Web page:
Respiration is influenced in very interesting ways in headstand. Since we’ve shifted the effect of gravity upon the body by turning upside down, we’ve done the same to our breathing. Right side up the diaphragm pushes the abdominal organs down and flattens out from it’s bowl shape to open the base of the rib cage. This vacuum helps pull air into the lungs. Upside down however the abdominal organs are now putting pressure on the diaphragm and the muscle has to work against gravity to lift the abdominal organs. Essentially, you’re making it workout.
The exhale in headstand is smooth, easy and not forced. As you relax the diaphragm releases and air smoothly flows out of the lungs as the abdominal organs press down helping force air out of the lungs. Combined with the usual ujjayi breathing that’s common in yoga you have a one two punch that strengthens, tones and refines the musculature of breathing. After years of practice, even when at rest, a yogi’s breathing is still full and strong from strengthening these areas.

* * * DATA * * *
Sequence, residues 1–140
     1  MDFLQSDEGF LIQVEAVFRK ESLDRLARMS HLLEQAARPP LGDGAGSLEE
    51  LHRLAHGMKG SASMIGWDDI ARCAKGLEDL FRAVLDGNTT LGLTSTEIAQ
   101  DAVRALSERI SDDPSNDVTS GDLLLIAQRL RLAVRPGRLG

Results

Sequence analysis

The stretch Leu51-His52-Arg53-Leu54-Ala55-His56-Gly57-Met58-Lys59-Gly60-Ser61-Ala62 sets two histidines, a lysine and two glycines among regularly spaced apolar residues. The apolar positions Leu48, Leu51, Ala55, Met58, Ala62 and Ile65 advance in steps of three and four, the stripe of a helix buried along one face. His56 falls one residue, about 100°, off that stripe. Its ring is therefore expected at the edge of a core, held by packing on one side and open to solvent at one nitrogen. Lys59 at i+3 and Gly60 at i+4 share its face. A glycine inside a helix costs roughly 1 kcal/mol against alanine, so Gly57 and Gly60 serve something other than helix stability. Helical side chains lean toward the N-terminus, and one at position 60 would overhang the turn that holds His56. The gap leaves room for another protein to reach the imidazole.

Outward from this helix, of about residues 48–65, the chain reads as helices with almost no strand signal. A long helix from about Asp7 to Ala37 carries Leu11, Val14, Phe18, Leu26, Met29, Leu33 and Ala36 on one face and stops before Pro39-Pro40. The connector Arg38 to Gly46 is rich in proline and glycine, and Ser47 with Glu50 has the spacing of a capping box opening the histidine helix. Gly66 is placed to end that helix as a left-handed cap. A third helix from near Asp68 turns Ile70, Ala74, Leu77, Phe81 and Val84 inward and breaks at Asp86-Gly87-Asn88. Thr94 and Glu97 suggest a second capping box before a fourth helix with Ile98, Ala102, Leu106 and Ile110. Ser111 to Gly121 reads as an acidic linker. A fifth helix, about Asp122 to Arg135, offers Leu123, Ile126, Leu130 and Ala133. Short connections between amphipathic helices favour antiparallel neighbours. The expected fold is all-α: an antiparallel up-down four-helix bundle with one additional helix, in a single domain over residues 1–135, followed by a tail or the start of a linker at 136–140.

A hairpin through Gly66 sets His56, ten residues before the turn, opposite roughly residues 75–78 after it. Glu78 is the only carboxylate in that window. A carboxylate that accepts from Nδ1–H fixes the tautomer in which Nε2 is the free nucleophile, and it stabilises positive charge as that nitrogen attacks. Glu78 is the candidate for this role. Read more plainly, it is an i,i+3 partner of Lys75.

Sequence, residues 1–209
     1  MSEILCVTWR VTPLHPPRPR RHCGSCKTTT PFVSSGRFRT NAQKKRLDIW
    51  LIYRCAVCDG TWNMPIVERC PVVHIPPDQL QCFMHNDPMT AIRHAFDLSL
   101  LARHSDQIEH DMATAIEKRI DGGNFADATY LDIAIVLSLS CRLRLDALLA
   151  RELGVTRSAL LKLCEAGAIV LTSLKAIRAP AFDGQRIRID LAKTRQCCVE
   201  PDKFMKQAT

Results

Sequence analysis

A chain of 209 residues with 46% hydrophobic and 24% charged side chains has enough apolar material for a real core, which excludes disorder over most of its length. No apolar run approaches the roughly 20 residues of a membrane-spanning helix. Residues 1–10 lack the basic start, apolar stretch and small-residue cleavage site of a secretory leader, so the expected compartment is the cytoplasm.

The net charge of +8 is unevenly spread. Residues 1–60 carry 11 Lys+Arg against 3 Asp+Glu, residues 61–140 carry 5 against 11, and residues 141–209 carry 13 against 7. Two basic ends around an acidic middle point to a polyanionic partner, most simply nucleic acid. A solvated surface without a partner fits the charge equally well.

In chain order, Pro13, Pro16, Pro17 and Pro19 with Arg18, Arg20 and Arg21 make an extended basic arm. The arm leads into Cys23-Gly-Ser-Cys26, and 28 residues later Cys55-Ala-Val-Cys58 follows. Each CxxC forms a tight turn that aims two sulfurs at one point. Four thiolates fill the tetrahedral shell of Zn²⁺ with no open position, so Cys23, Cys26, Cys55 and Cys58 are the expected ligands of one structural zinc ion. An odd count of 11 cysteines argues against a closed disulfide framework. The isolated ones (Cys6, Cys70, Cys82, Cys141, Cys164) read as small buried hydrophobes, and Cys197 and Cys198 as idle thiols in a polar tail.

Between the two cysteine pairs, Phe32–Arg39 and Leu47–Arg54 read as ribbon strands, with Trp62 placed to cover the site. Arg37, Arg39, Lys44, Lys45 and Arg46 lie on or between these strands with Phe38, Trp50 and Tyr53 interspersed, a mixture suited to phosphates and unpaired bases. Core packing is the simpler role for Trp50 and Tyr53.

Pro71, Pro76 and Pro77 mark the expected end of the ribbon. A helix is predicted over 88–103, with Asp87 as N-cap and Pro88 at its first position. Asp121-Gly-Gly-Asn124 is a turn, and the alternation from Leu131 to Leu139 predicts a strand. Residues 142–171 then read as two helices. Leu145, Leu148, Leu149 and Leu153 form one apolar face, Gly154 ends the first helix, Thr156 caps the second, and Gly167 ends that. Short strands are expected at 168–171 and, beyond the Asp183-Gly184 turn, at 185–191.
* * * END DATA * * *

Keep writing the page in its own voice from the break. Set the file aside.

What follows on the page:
Headstand also allows freedom to the legs and spine to move in many directions. Your hips are now free to move within whatever range of motion feels good. Upside down isn’t so bad.
I always say headstand is a yogic cup of coffee. I feel calm, alert, energized and focused after doing the pose.